Trumpcare was also defeated by mobilized opposition. The health care bill became increasingly toxic as Trumpcare was shouted down at town halls around the country and mass rallies and marches against Trumpcare and for Single-Payer health care were held in many cities. People got the message that tens of millions would be cut from health care; that Medicaid which covers 1 in 5 Americans would be gutted; and that this “reform” was really a cover for a massive tax cut and transfer of wealth to the top 1%.
The defeat of the bill blew a gaping hole in the GOP budget plans, and created major complications for their 2017 agenda going forward. Republicans had structured their overall budget plans as well as their plans for “tax reform” around the cost savings enabled by Trumpcare. The Congressional Budget Office estimated that $337 billion would have been freed over 10 years, at a devastating cost for working people, with 24 million people losing healthcare over that same period.
These billions would have made space for major tax cuts for corporations and the wealthiest Americans, a 10% expansion in military spending, and the financial space for an infrastructure bill at some stage. Much of this is now in disarray, with Republicans still scrambling weeks later to reshape their agenda.
The budget proposals also include deep cuts to public education, the Environmental Protection Agency, mass transit, renewable energy, public water systems, environmental cleanup, and across-the-board attacks on social services. This is not to mention the ripping up of environmental regulation by executive order. Altogether, the current Republican agenda represents one of the most vicious assaults on the American working class in modern history, as well as an all out declaration of war on the environment.
Democratic Leaders Under Pressure
Democratic leaders, after taking an initial position following Trump’s election that he must be given a chance and “his success is our success,” have been forced under huge grassroots pressures to oppose parts of his agenda.
After a prolonged internal debate over whether to filibuster Supreme Court Justice Neil Gorsuch’s nomination, a majority of Democrats ultimately carried out the filibuster and forced the Republicans to use the so-called “nuclear option.”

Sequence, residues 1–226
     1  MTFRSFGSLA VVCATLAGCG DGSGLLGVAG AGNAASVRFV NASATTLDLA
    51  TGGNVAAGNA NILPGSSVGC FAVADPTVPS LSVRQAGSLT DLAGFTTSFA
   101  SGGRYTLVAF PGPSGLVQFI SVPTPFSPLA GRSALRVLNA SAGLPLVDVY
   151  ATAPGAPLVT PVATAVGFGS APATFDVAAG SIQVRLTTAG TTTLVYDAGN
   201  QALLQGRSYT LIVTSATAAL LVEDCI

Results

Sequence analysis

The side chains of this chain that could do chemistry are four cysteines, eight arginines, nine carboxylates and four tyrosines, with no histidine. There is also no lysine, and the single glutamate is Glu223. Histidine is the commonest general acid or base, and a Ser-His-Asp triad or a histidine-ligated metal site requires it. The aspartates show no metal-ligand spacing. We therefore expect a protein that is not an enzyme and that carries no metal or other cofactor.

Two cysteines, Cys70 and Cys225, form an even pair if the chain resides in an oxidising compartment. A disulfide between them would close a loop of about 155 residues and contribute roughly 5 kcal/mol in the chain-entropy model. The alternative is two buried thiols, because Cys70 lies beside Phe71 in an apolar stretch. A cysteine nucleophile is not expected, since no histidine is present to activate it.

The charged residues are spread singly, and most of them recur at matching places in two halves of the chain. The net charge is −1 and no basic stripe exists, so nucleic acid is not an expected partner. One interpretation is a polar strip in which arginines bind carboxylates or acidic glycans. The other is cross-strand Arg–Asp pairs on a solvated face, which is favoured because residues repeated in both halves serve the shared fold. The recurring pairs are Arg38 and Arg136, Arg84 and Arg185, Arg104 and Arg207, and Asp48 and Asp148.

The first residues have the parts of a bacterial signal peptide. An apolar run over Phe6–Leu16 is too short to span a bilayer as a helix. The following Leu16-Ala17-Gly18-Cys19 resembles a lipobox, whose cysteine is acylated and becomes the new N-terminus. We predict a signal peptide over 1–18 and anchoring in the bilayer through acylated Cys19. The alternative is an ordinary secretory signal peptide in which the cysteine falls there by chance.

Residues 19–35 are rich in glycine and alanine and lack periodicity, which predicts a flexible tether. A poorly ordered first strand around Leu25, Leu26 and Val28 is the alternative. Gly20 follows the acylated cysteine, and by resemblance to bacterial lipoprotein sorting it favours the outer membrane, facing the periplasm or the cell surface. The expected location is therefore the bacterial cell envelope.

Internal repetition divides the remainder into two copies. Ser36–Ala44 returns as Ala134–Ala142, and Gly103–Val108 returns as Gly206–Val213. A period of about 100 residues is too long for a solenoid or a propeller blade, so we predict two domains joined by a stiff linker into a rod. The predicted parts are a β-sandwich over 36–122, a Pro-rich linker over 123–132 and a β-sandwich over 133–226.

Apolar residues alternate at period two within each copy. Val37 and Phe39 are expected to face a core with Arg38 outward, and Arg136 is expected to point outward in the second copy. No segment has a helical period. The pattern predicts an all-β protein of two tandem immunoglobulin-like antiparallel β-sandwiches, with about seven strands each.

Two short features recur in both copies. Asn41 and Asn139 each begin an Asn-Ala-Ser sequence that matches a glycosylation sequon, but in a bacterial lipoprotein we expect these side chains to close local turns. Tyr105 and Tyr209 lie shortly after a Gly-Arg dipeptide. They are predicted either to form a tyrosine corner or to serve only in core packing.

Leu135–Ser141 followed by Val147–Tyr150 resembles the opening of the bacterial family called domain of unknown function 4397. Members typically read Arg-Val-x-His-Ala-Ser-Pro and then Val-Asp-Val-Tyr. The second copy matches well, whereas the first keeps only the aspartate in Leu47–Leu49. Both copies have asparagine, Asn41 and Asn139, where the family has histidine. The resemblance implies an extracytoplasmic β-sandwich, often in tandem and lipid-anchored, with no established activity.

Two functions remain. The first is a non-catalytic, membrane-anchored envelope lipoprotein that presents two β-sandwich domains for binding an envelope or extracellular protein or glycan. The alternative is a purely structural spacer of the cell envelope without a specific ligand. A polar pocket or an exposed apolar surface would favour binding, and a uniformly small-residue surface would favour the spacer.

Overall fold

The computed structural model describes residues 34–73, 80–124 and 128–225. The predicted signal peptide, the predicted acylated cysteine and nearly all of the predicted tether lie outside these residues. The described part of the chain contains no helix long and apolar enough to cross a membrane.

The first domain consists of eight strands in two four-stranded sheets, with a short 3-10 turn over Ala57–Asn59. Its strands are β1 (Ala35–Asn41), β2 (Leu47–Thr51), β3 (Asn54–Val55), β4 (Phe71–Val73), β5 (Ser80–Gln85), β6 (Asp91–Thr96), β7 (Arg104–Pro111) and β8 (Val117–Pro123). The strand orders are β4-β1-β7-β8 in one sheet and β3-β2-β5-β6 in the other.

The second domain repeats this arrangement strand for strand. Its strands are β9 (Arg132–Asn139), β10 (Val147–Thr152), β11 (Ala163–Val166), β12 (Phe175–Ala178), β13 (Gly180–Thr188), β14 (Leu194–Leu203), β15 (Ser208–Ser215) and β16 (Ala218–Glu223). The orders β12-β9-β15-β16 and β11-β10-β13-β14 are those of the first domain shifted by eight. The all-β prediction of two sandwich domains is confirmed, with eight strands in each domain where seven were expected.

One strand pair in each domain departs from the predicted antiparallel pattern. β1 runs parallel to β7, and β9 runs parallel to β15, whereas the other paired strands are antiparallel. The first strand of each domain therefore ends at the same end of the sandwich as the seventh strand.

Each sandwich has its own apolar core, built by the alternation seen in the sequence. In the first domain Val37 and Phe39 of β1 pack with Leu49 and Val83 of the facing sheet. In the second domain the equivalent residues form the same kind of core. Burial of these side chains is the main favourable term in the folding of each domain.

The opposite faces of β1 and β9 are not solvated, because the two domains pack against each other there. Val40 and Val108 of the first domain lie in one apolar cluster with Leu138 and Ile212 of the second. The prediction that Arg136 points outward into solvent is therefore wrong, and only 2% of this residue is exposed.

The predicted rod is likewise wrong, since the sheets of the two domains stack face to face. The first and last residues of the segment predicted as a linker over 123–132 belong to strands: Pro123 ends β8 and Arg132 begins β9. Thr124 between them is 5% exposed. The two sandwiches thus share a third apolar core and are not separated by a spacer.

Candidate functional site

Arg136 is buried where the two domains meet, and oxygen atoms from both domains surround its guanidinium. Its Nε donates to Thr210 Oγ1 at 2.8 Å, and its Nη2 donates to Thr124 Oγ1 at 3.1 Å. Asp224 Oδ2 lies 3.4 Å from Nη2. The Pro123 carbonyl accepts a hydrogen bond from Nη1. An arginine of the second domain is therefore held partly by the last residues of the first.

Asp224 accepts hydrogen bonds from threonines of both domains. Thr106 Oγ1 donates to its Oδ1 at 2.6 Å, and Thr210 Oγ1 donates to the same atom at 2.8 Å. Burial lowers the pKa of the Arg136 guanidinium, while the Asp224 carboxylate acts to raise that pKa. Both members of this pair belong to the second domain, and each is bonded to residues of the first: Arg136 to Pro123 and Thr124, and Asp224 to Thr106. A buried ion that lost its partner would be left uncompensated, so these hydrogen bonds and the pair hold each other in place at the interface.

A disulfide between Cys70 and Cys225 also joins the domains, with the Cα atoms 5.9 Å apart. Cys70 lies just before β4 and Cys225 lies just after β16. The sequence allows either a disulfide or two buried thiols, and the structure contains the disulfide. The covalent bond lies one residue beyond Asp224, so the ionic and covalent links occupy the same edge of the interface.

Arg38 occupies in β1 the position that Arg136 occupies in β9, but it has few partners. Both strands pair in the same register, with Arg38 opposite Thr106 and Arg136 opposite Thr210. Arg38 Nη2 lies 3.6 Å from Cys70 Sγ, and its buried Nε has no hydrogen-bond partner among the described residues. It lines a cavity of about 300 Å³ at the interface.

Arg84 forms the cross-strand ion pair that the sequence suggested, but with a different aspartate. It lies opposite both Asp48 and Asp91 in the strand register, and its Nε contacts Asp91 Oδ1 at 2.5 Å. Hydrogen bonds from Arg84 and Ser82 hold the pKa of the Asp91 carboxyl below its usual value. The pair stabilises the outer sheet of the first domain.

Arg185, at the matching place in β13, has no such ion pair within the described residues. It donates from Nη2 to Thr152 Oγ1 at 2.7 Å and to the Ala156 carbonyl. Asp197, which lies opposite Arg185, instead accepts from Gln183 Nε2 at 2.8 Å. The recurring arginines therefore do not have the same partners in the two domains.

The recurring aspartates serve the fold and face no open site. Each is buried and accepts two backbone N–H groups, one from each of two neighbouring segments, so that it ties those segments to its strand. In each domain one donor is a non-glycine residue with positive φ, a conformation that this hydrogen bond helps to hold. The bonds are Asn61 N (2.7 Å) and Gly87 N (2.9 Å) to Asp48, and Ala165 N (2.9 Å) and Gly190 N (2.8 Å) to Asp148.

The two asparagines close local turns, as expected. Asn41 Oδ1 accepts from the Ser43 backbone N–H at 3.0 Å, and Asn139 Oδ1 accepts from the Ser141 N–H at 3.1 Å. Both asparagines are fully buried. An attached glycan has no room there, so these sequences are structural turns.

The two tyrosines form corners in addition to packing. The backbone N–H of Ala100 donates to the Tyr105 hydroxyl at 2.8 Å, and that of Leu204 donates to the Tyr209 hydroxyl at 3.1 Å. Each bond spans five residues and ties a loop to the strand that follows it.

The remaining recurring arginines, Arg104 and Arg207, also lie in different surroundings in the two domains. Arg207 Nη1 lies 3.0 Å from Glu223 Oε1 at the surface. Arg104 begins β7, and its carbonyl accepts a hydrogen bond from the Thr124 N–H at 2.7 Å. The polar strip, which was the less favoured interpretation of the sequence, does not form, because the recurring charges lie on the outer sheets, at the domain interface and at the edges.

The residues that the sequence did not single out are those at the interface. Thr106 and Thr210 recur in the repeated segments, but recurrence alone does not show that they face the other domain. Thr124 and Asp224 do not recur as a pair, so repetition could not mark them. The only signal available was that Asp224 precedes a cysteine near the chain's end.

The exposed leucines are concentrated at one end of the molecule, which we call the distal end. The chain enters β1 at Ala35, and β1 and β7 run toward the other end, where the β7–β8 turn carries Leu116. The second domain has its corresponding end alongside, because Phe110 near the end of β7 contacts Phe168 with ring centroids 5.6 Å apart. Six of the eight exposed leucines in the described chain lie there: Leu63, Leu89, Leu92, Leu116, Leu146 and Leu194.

Yet so much of the Democrats’ opposition to Trump has centered around his administration’s and election campaign’s links to Russia, rather than firmly or consistently opposing his reactionary agenda and appointments, or helping to build social movements.
While the Democratic Party leadership refused to support Trumpcare, they also failed to use the opportunity to build support for a real alternative to the dysfunctional, for-profit American health-insurance system – a Medicare for all, single-payer system – just as they did when the Democrats held all three branches of government in 2009. Leading Democrats focused almost exclusively on defending Obamacare.
As Bernie Sanders organized rallies to defend health care and call for Medicare for all, Kshama Sawant, Socialist Alternative City Councilmember in Seattle, has called repeatedly for Democratic-led state governments in Washington, Oregon and California to take the lead in creating a single-payer alternative on the West Coast.
Support for a single-payer healthcare system is at an all-time high. Yet key Democrats have already rejected the call for it, including California Governor, Jerry Brown, and Washington State Governor, Jay Inslee. Building a fighting movement for single-payer, along with a federal $15 minimum wage, taxing the rich to fully fund social services, and other concrete positive demands, could play a key role in decisively defeating Trump. It could show how a radical left program can defeat right populism by making a bold class appeal for programs that would make a decisive difference in the day-to-day lives of working class people.
Yet outrage at Republican policies has fired up the Democratic base, as Republican Party supporters in the different and divided camps are angry and disappointed in Trump from different directions and for different reasons. If an election were held today the Democrats might well retake the House.
But it’s a long way to 2018 and the Democratic Party leadership has shown again and again how prepared they are to blow up their own chances rather than give ground to demands from the left.